In his book We, Zamyatin does a masterful job of conveying the painful process the main character D-503 undergoes as he discovers he has a "soul." In this process there is a repeated swinging of the pendulum from confusion and delusion, to clarity and reason. A set of extremely powerful beliefs, with which the egoic mind had deeply identified itself through conditioning and circumstance, begin to give way and crumble. And with the falling away of these conceptual structures there is the attendant belief that the ego or sense of "self" will also cease to exist. I am reminded of the excellent quote by Karlfried Graf Dürckheim, "Only to the extent that we expose ourselves over and over again to annihilation, can that which is indestructible arise within us."
But the egoic mind is uncooperative of its own demise, and so there is a flurry of activity to shore up resources, barricade and prevent the ego's dissolution. There is a deep need to explain, justify, and defend—awash in a mood of impending doom. And this freneticism lends itself to a certain failure in reason, and the consequent birth of profound delusion, where everything that happens becomes living proof of the conspiracy against oneself. Where one cannot draw a breath without knowing it is part of the plot. D-503's continually shifting perceptions lend a certain surreal quality to his reality, where he is unsure of what is real and what is illusion.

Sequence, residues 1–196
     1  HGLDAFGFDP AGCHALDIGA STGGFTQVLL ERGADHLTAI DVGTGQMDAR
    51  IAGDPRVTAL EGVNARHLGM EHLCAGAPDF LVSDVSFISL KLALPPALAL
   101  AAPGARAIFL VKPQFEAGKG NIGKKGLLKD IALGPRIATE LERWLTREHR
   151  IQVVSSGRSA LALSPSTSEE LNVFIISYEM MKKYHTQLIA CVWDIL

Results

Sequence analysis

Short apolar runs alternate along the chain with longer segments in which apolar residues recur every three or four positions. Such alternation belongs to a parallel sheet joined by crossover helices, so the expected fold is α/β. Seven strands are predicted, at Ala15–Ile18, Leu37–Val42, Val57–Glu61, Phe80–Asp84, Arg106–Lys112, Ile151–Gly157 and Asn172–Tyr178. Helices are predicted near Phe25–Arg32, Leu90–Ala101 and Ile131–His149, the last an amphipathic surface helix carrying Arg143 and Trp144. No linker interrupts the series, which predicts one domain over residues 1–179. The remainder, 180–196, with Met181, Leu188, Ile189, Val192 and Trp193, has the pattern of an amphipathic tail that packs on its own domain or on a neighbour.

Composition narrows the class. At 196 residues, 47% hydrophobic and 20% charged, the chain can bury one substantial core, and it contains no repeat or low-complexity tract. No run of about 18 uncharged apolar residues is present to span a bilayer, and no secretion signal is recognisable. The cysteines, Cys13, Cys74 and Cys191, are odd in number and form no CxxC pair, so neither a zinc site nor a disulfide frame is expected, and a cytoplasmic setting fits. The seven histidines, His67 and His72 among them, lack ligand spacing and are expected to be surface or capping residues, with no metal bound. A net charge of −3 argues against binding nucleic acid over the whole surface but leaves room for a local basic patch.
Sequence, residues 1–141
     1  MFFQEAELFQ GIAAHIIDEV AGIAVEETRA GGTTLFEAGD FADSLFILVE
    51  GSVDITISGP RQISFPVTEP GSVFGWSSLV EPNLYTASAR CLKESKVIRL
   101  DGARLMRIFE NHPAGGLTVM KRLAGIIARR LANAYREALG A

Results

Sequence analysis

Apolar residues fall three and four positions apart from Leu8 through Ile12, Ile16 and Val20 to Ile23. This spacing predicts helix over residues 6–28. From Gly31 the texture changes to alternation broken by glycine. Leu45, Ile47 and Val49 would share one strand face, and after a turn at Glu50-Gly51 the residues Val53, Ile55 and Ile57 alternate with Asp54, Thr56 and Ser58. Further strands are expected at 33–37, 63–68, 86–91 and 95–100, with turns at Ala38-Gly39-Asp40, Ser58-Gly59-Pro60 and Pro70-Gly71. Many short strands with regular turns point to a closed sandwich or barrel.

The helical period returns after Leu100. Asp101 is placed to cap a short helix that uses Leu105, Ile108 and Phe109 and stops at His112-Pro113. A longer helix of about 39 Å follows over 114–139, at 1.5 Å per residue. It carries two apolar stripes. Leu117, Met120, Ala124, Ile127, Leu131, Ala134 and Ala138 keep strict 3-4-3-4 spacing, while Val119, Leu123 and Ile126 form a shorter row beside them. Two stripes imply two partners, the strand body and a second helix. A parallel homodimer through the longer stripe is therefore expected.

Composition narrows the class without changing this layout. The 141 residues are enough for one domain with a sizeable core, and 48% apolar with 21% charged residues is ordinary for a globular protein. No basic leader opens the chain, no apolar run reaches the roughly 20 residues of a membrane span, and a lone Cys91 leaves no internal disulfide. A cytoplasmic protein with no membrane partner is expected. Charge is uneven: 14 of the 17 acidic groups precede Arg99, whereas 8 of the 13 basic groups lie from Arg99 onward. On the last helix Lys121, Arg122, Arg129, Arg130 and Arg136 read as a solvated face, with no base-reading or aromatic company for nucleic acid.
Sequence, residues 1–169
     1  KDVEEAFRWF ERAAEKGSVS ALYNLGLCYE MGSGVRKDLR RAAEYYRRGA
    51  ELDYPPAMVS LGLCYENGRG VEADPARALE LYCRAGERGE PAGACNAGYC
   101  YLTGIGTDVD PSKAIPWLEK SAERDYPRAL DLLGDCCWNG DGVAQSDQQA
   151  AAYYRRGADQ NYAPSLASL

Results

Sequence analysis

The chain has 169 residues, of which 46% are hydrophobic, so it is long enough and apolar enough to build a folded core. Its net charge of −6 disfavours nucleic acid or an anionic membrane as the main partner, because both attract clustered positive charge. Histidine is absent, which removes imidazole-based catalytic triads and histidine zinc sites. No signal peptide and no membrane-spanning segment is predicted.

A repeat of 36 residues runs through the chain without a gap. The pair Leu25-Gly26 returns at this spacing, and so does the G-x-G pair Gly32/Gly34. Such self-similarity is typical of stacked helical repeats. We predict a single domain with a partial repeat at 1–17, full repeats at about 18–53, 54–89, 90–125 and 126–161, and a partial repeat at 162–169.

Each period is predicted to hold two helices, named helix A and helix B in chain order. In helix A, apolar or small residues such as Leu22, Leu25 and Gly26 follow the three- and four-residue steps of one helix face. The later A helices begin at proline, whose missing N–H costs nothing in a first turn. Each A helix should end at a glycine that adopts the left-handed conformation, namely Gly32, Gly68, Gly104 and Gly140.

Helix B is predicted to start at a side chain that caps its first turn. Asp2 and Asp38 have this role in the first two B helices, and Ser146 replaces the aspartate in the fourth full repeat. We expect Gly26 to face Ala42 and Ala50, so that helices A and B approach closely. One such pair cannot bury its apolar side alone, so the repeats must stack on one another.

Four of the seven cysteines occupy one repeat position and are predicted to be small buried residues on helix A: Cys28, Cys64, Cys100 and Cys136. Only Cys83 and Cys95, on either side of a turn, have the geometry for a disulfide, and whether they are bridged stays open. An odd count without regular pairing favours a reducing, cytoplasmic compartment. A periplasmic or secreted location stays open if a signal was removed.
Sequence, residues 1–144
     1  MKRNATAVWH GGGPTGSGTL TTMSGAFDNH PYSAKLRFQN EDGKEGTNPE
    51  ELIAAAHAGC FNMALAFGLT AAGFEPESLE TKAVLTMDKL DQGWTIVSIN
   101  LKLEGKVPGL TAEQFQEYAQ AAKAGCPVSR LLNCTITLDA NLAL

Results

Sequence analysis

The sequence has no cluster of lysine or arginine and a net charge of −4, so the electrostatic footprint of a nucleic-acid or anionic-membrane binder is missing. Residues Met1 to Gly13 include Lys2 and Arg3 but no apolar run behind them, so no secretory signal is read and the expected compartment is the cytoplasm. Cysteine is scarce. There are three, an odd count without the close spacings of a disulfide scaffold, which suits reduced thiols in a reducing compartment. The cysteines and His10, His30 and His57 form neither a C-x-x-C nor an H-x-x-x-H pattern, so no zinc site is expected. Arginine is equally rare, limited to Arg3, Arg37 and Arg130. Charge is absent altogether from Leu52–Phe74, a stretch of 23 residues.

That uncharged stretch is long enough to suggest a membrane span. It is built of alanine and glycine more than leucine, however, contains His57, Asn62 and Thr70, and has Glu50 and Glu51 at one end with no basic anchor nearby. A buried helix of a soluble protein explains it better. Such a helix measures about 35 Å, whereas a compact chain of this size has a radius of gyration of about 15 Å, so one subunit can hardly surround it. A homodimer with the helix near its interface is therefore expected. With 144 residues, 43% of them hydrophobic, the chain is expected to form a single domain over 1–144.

On a parallel note, it seems that every society suffers from the same predicament of egoic enslavement of reason, will, soul, imagination. It is only the particulars that vary. And so it seems that the true measure of a society is the extent to which it provides suitable structures to aid its members in the supreme task of extricating oneself from the heavy yoke of the ego.